The BBC is heading for a series of potentially damaging strikes following the approval of plans to axe thousands of jobs – the majority of them in core news and current affairs departments.
The BBC also plans more repeats.
And the statements about staff taking the pain now to protect the future of the corporation sound exactly like an unwelcome repeat of Mark Thompson’s comments when the BBC announced 3,780 job cuts in 2005. That was supposed to protect the future. It didn’t – and today’s strategy is equally as flawed.
These are not cuts which fall on so-called backroom functions or non-frontline staff but cuts which strike a blow at the very part of the BBC most valued by licence fee payers – its local, national and international news and current affairs services.
If the BBC Trust talk about “safeguarding investment in areas in which the BBC’s reputation as an outstanding public service broadcaster rests” – why are they cutting up to 20% of staff in those very areas and significantly more in radio news? Their strategy simply doesn’t make sense.
We can all find things wrong with the BBC. We’d all welcome more of the stuff we like and less of the stuff we don’t. But every survey shows most people think they get a good deal from the BBC – distinctive, quality news and current affairs across a variety of media for a variety of audiences.
But all that is under threat as a result of the plans unveiled today. Hundreds of jobs in news and hundreds in factual programming are to go. An under-resourced integrated newsroom will provide content for a variety of BBC outlets.
We are told the cuts will not undermine quality. I’d love to be reassured by the Director General’s fine words but my experience tells me I shouldn’t be.
Take the Today programme. Where once it had 17 reporters it now has less than half that number – is there only half the news there used to be? Of course not, it is forced now to restrict its newsgathering to fit its staffing. The same is true of many other parts of the BBC.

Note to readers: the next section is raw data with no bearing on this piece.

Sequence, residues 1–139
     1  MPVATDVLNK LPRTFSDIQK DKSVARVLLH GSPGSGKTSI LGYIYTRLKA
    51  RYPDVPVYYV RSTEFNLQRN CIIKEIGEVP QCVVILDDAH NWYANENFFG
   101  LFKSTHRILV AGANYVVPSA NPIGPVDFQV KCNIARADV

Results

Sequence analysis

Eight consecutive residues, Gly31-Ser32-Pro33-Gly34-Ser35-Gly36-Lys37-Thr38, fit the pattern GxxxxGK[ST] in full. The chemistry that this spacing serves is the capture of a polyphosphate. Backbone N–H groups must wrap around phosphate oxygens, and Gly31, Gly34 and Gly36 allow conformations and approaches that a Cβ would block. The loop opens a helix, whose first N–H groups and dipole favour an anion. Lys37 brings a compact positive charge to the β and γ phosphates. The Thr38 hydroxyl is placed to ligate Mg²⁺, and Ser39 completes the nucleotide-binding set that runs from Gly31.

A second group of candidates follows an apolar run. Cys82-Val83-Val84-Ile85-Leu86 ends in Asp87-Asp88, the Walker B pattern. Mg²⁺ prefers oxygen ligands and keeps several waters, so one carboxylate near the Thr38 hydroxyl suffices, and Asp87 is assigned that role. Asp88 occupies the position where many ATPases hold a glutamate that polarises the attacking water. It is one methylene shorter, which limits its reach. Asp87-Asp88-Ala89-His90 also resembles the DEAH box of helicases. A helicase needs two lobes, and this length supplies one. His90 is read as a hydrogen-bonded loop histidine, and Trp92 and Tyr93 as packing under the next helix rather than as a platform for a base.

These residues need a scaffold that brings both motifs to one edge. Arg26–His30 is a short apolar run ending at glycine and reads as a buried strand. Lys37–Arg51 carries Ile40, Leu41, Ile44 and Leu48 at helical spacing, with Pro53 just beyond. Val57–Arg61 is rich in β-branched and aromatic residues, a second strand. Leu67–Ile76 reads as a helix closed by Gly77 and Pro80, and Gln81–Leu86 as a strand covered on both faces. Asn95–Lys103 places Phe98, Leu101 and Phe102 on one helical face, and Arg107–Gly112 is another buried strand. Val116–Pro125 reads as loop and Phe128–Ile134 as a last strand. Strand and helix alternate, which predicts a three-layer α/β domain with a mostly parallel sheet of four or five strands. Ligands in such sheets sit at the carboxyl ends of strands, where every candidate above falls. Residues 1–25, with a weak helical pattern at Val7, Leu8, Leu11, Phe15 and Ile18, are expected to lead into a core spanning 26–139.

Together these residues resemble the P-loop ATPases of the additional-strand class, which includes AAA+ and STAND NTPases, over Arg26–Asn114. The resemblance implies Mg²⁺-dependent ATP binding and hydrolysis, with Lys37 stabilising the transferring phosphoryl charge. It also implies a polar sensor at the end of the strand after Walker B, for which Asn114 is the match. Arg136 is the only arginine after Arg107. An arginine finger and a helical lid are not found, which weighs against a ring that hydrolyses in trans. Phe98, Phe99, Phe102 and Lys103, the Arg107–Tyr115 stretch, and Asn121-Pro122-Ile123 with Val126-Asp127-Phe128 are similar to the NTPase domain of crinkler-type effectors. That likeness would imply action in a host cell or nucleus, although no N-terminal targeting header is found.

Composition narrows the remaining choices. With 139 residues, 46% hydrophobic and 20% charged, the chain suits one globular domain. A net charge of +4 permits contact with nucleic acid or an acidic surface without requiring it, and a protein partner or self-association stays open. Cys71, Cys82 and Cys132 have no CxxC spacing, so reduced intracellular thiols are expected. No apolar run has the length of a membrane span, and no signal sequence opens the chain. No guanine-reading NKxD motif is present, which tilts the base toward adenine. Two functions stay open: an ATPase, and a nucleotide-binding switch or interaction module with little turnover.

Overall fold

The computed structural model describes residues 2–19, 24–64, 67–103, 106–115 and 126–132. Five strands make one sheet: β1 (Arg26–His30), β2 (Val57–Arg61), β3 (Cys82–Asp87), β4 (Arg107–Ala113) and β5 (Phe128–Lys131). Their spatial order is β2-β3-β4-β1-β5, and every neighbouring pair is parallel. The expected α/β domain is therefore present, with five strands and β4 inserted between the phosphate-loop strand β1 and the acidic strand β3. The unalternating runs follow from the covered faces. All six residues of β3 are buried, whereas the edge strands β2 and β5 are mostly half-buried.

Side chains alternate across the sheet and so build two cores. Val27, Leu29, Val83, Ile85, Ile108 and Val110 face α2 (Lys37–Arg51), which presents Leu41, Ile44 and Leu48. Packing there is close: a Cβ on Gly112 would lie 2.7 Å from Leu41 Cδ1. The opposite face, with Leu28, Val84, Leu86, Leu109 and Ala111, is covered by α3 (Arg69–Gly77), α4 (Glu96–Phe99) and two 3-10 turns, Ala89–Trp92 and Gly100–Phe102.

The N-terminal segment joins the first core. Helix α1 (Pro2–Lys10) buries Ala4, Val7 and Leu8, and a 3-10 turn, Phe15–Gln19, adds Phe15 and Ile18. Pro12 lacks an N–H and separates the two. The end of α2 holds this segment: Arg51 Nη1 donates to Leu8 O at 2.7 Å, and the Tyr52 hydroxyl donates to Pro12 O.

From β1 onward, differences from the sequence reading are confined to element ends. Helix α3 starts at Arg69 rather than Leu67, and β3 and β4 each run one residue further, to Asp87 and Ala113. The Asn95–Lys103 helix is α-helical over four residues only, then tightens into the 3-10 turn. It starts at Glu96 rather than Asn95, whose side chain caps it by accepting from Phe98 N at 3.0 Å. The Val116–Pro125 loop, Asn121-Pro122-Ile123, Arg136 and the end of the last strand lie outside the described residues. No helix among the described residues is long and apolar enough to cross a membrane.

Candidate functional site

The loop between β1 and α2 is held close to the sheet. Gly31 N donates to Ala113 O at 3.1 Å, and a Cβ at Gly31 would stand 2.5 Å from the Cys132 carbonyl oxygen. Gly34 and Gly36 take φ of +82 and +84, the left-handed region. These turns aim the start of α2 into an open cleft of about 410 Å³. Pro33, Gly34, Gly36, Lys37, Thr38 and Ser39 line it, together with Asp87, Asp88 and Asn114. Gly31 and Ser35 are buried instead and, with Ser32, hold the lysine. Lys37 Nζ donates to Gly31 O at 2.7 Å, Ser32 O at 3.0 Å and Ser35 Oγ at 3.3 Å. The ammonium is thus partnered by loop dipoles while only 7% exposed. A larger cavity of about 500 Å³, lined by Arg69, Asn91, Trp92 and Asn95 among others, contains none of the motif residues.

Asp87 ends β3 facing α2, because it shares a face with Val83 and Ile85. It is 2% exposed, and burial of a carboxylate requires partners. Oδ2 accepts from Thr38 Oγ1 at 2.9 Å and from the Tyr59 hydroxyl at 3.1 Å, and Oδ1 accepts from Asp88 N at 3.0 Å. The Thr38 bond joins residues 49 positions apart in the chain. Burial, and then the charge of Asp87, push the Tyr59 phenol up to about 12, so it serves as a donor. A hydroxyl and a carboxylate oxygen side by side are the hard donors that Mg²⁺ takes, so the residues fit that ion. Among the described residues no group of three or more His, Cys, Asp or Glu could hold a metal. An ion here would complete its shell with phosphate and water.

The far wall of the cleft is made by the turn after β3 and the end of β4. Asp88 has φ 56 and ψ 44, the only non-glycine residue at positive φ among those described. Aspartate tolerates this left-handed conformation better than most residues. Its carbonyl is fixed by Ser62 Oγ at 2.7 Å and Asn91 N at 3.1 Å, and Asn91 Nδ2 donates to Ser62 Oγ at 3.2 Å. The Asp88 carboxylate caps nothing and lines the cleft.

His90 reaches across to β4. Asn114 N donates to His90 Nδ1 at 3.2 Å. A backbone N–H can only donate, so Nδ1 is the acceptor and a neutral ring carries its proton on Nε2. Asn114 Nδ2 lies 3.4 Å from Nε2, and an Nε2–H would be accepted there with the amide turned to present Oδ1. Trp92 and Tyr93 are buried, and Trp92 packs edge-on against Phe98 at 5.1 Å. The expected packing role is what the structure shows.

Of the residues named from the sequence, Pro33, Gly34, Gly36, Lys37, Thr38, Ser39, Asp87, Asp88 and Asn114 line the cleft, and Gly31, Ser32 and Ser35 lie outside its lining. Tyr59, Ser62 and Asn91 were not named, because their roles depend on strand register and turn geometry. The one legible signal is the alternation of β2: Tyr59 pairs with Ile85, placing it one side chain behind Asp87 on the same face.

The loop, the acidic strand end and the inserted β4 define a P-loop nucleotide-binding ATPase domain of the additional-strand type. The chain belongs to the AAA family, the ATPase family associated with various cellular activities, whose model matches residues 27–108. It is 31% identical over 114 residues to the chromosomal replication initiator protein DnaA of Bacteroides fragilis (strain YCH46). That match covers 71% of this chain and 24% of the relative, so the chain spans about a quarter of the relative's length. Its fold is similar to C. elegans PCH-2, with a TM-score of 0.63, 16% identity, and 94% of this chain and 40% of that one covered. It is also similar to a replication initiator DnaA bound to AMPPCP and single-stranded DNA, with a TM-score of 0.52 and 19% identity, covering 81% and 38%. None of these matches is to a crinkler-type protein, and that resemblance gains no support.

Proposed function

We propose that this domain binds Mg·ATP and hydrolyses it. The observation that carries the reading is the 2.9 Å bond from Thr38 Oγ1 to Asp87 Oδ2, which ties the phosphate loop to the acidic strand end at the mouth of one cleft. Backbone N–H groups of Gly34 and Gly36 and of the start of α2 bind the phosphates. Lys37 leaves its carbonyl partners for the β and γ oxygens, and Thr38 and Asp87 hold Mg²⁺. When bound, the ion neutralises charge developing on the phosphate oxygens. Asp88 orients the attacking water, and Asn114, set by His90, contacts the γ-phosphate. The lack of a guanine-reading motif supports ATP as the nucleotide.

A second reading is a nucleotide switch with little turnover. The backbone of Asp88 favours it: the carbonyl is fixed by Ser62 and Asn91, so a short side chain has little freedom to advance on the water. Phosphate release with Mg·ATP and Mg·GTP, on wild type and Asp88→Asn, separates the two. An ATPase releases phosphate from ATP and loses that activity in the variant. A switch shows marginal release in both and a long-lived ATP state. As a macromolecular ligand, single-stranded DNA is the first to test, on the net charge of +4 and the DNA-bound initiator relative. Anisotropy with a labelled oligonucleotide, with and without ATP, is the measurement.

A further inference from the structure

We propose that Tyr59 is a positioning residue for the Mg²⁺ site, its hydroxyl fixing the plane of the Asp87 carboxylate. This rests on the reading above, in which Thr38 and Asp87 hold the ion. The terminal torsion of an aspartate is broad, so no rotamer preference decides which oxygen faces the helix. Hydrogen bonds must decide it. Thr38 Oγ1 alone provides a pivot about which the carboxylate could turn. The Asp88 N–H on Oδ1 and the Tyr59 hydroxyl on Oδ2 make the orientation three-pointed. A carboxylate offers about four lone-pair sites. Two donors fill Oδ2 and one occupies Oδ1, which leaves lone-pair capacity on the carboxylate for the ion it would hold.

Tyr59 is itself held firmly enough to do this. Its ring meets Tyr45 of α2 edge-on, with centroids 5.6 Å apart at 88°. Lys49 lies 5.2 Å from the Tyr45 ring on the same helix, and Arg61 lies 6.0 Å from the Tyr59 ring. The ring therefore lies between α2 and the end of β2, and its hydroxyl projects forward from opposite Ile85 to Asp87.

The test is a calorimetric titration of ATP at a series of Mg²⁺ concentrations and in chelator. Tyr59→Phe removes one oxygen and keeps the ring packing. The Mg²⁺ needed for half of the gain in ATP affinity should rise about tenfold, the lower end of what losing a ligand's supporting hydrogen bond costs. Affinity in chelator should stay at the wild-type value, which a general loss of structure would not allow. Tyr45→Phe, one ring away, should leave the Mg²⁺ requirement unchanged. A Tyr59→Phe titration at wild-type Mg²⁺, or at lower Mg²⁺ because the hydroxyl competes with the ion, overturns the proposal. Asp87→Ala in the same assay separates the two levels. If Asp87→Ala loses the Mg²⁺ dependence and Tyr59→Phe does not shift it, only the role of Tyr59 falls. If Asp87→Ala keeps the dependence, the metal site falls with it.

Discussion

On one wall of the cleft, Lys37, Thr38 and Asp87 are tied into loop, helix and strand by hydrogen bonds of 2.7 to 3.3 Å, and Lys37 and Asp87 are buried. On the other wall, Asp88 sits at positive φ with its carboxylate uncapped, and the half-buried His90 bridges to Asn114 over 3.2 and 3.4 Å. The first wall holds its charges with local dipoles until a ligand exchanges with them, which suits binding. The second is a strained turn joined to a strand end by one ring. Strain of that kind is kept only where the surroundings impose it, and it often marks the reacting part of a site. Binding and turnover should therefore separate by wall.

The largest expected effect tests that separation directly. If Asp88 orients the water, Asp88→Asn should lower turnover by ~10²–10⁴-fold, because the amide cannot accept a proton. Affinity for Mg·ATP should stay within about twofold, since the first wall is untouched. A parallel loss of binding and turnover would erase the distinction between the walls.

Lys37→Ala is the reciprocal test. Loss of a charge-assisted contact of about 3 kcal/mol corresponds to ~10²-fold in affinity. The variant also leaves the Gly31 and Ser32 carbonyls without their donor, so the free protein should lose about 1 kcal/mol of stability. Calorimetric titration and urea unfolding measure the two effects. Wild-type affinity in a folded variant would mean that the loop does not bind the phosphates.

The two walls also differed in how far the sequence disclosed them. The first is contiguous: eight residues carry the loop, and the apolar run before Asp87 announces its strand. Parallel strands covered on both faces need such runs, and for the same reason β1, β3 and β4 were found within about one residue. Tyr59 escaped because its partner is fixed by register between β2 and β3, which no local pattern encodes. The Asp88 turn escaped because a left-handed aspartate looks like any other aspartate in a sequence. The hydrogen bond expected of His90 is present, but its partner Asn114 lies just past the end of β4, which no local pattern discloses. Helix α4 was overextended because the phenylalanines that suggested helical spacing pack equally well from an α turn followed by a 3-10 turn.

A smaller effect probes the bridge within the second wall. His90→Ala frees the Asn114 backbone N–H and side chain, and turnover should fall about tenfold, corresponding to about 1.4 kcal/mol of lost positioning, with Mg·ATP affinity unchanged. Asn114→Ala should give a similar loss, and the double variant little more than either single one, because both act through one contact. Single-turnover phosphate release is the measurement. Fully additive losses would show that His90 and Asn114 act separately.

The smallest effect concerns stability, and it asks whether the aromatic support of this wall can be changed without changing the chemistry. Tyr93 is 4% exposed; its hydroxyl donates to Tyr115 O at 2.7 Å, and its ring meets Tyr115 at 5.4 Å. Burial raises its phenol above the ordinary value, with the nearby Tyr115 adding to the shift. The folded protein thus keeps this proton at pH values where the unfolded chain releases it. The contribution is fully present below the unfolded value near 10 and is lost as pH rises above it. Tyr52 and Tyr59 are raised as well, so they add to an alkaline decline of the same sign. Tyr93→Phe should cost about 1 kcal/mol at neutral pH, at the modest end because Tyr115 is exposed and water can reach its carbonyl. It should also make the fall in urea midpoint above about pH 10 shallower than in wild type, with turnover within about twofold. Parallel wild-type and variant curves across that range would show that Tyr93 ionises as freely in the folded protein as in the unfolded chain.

That means compromises – and it means undermining quality. But not everyone agrees.
A senior source inside the BBC, quoted in today’s Daily Telegraph, accuses the NUJ of being a left wing protectionist union. Of course we’ll fight to protect the jobs and health and welfare of our members but we’re about more than that in this battle. We’re about defending quality journalism and quality programme-making from light to sound, to newsgathering, to presentation to graphics and beyond – across all platforms.
Our fear is for the long term. A BBC that further undermines quality will increasingly lose its legitimacy in arguing for a fair licence fee settlement in the future – some may say for any licence fee. Without that unique and privileged funding position the BBC will be forced to act like other commercial media – operating at the mercy of the advertising market or shareholder demands.
We’ve seen what that has meant for ITV – the closure of its local news services and the halving of its budgets for regional news. The BBC say what they are doing is simply swimming with the tide in other parts of the industry. It’s a lame excuse. Other parts of the industry, driven by shareholder demands and corporate greed are cutting jobs and undermining quality too. The BBC should swim against that tide.
Jeremy Dear is general secretary of the National Union of Journalists